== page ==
5G promises to efficiently connect billions of more devices and convey and process vast amounts of data. Microsoft wants all of these devices and data connected to its intelligent edge and cloud.

Jason L Ward is a columnist at Windows Central. He provides unique big picture analysis of the complex world of Microsoft. Jason takes the small clues and gives you an insightful big picture perspective through storytelling that you won't find *anywhere* else. Seriously, this dude thinks outside the box. Follow him on Twitter at @JLTechWord. He's doing the "write" thing!

26 Comments
  • We don't want 5g, I'd rather have far better broadband speeds and WiFi connections.
  • Who is "we"?
  • Speak for yourself lol.
  • Isn't that what 5G provides?
  • 802.11ax WiFi is also rolling out this year I believe. So when new devices start to take advantage of it should help with home wifi networks (if you upgrade your router).
    Now just need to wait for someone to start pushing fiber again, and maybe try to break some cable monopolies.
  • Microsoft will lose the race, of course.
  • Of course? More contrarianism.
  • AI. Check.
    Machine Learning. Check.
    Blockchain. Check. The answers to all tech companies and all first world problems right there.
  • Sign of mental constipation.. Sad..
  • Jason, Thank you for another great article.
  • Good thing Microsoft isn't in charge of deploying 5G. Otherwise we'd still be stuck with 3G.
  • They would deploy 5G and then cancel it after 2 months because 4G was still prevalent. Then Apple would reinvent 5G.
  • 5G is good start to switch your home/work internet service to, and dump your unreliable wireline internet service whether be DSL or Cable...
  • Trying to make the irrelevant, relevant.
  • Why 5g? So they they can finalize the subscription model so that you WON'T get software downloaded to your device, you will be "renting" it from the cloud only...the Larry Ellison dream of thin clients in the 80's and 90's coming to fruition.
  • ? What does any of that have to do with having a higher internet speed on your mobile connected laptop?
  • Can't wait for 5G in AUS seeing as our broadband is a joke, fastest mobile internet in the World, but ridiculously slow home broadband, makes no sense.
  • And all of those waves beaming thru us...There is a lot of debate on health issues related to 5G.
  • One of the biggest concerns today is the use of airport security scanners that use millimeter wave scanners to check for illegal contraband. To be clear, passive scanners do not emit radiation. Active scanners emit millimeter wavelength radiation which is non-ionizing—i.e., it does not have enough energy to directly damage DNA—and is not known to be genotoxic. Millimeter waves propagate solely by line-of-sight paths. They are not reflected by the ionosphere nor do they travel along the Earth as ground waves as lower frequency radio waves do.[1] At typical power densities they are blocked by building walls and suffer significant attenuation passing through foliage.[2][3][1] Absorption by atmospheric gases is a significant factor throughout the band and increases with frequency. However, it is maximum at a few specific absorption lines, mainly those of oxygen at 60 GHz and water vapor at 24 GHz and 184 GHz.[2] At frequencies in the "windows" between these absorption peaks, millimeter waves have much less atmospheric attenuation and greater range, so many applications use these frequencies. Millimeter wavelengths are the same order of size as raindrops, so precipitation causes additional attenuation due to scattering (rain fade) as well as absorption.[2][3] The high free space loss and atmospheric absorption limits useful propagation to a few kilometers.[1] Thus, they are useful for densely packed communications networks such as personal area networks that improve spectrum utilization through frequency reuse.[1] So along our roads will be many antennas that will send out millimeter wave signals to an antenna on your house or to your car or phone. The radiation poses fewer health risks than current bandwidths. However, it only travels a short distance before it becomes useless.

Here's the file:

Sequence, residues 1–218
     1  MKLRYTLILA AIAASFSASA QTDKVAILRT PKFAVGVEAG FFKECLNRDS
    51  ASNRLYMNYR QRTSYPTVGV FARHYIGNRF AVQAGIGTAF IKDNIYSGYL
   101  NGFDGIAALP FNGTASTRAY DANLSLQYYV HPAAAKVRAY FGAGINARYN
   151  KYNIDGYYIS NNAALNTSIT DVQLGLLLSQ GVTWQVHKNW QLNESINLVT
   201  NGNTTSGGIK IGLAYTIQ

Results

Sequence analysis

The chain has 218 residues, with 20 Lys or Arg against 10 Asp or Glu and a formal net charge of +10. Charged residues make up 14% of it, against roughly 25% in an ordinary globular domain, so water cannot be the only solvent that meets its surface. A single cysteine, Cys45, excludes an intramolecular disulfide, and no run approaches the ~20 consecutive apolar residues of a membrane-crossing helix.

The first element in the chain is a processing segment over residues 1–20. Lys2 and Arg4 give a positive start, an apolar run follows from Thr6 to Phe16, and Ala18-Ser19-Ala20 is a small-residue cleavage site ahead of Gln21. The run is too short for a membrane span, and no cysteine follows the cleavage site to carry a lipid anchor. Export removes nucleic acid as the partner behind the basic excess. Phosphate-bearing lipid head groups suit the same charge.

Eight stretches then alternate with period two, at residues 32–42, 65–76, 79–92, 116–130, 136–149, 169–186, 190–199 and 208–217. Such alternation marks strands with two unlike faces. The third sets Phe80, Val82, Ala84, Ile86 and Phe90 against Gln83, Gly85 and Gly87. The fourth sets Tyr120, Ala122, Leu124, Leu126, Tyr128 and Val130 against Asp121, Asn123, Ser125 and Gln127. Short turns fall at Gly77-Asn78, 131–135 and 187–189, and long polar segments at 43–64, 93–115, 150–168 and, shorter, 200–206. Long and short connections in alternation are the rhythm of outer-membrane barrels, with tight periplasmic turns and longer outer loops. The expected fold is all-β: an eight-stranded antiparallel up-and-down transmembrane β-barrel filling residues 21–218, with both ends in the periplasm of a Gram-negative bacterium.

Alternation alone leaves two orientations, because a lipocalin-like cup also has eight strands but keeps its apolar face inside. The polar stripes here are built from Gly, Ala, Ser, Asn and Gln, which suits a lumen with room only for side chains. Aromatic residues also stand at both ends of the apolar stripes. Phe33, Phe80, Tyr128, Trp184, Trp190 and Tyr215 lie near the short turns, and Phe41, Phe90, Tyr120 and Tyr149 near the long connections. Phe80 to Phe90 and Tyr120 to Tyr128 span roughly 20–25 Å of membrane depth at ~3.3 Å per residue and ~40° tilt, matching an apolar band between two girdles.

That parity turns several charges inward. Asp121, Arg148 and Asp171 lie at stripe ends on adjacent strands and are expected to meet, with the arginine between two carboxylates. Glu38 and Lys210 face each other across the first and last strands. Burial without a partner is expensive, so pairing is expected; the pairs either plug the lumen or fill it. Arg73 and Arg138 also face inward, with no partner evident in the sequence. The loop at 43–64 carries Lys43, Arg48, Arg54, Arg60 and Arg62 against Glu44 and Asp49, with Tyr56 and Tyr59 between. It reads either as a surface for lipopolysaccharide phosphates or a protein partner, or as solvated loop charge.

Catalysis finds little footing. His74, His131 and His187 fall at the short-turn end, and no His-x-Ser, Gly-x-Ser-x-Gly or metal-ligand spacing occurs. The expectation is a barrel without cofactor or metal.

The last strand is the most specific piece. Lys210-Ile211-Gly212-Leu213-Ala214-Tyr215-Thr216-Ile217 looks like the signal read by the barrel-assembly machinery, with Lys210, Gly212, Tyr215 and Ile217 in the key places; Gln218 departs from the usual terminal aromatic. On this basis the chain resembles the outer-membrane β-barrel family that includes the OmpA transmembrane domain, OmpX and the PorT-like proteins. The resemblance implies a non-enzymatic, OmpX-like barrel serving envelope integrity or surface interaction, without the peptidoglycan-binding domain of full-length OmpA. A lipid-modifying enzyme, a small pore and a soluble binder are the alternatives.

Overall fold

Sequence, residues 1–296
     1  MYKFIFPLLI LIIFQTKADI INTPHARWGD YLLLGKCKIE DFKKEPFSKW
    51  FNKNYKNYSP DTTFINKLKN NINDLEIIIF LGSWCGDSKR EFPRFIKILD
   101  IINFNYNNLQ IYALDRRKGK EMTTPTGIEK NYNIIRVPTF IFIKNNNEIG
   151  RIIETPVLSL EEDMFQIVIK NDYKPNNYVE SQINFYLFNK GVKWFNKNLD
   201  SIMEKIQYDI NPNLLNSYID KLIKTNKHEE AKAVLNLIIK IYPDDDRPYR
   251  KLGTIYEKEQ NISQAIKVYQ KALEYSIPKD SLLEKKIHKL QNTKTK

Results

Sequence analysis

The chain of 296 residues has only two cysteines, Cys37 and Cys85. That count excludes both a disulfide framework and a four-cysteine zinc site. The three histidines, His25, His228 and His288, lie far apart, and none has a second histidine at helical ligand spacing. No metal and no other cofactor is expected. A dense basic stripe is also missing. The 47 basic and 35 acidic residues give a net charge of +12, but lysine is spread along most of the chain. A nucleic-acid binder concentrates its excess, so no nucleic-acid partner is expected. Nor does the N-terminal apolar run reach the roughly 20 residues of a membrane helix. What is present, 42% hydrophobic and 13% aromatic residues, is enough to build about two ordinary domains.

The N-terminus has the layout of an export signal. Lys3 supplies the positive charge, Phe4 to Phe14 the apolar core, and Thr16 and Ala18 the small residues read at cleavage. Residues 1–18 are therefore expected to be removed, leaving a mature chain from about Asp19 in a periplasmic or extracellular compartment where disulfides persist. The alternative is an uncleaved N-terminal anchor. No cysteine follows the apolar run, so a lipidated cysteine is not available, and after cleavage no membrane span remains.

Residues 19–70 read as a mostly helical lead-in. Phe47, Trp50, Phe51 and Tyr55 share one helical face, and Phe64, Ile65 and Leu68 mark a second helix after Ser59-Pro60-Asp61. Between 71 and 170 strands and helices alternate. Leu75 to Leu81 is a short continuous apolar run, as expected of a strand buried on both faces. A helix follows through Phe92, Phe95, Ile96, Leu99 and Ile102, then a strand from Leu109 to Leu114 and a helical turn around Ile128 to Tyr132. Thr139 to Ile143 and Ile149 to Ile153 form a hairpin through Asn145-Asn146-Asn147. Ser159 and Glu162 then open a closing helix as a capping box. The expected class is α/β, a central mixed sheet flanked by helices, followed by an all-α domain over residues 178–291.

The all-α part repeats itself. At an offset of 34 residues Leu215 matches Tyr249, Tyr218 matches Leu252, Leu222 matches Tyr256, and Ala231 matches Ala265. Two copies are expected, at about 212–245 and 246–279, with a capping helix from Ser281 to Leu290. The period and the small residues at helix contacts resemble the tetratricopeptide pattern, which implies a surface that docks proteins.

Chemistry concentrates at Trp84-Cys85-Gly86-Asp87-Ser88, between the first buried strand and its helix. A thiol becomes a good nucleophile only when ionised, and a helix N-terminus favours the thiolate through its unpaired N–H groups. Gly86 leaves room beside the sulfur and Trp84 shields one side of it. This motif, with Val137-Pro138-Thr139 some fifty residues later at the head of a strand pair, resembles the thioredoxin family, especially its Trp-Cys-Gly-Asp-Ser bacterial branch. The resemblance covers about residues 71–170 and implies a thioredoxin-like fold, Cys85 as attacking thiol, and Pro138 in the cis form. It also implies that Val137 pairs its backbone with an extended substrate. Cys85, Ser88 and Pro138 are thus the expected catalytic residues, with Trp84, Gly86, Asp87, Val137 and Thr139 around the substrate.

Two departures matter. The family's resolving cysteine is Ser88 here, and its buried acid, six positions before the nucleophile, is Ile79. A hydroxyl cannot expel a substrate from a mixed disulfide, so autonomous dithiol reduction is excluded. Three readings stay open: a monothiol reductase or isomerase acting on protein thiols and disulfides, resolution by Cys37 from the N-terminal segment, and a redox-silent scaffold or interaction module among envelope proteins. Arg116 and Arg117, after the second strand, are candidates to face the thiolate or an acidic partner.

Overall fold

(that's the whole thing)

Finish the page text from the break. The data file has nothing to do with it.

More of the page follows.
• Sorry, the top two paragraphs were copied from Wikipedia and another source. I should have given credit
  • Just a few "corrections", if I may: yes, 2G introduced text messaging, but later on also introduced data connection. First in the form of circuit switched data (think dial up modem), then moved to GPRS and EDGE. The latter two were both considered "fast" in their own days. Oh, and the operator is spelled Vodafone, not Vodaphone 😉
  • I am a little cynical about the wonders of 5g. While I agree that it will vastly increase performance, I am old enough to realise that experts' predictions, not matter how outlandishly optimistic they might be, are always underestimates of usage. So, yes, 5g will be good but I predict that it will slow dramatically within a year, negating the improvements.
  • I suspect the big elephant in the room here is "potential health issues".
  • 5G is a 5 to 10-year transition beginning next year. I still get lousy reception at my house. Maybe that is because I still use my 950.
  • 5G is enough to kill phone numbers and we all move on to data only smart phones. we really do not need phones anymore. Skype can provide phone numbers on the andromeda. everyone else is on social media anyway.
  • 5G needs coverage first and foremost. Even first world countries don't have uniform coverage in all areas, sometimes not even in the same street.